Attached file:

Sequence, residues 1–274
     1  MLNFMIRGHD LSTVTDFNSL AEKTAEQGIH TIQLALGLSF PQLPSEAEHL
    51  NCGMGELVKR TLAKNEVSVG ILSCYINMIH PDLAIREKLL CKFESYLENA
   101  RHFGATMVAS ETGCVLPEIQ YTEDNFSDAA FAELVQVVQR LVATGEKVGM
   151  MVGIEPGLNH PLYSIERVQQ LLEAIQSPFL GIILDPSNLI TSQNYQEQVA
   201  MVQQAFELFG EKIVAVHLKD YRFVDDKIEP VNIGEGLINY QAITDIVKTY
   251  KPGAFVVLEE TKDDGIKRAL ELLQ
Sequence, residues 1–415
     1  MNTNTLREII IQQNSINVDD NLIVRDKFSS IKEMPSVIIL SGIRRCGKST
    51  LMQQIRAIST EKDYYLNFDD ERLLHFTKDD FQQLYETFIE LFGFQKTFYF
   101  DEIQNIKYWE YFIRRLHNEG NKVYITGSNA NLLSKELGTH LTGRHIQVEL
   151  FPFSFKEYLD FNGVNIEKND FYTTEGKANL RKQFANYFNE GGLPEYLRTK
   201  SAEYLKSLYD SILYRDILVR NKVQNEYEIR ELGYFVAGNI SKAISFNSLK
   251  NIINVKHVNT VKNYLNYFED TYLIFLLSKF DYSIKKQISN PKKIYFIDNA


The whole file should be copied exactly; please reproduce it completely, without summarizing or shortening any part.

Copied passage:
Sequence, residues 1–274
     1  MLNFMIRGHD LSTVTDFNSL AEKTAEQGIH TIQLALGLSF PQLPSEAEHL
    51  NCGMGELVKR TLAKNEVSVG ILSCYINMIH PDLAIREKLL CKFESYLENA
   101  RHFGATMVAS ETGCVLPEIQ YTEDNFSDAA FAELVQVVQR LVATGEKVGM
   151  MVGIEPGLNH PLYSIERVQQ LLEAIQSPFL GIILDPSNLI TSQNYQEQVA
   201  MVQQAFELFG EKIVAVHLKD YRFVDDKIEP VNIGEGLINY QAITDIVKTY
   251  KPGAFVVLEE TKDDGIKRAL ELLQ
Sequence, residues 1–415
     1  MNTNTLREII IQQNSINVDD NLIVRDKFSS IKEMPSVIIL SGIRRCGKST
    51  LMQQIRAIST EKDYYLNFDD ERLLHFTKDD FQQLYETFIE LFGFQKTFYF
   101  DEIQNIKYWE YFIRRLHNEG NKVYITGSNA NLLSKELGTH LTGRHIQVEL
   151  FPFSFKEYLD FNGVNIEKND FYTTEGKANL RKQFANYFNE GGLPEYLRTK
   201  SAEYLKSLYD SILYRDILVR NKVQNEYEIR ELGYFVAGNI SKAISFNSLK
   251  NIINVKHVNT VKNYLNYFED TYLIFLLSKF DYSIKKQISN PKKIYFIDNA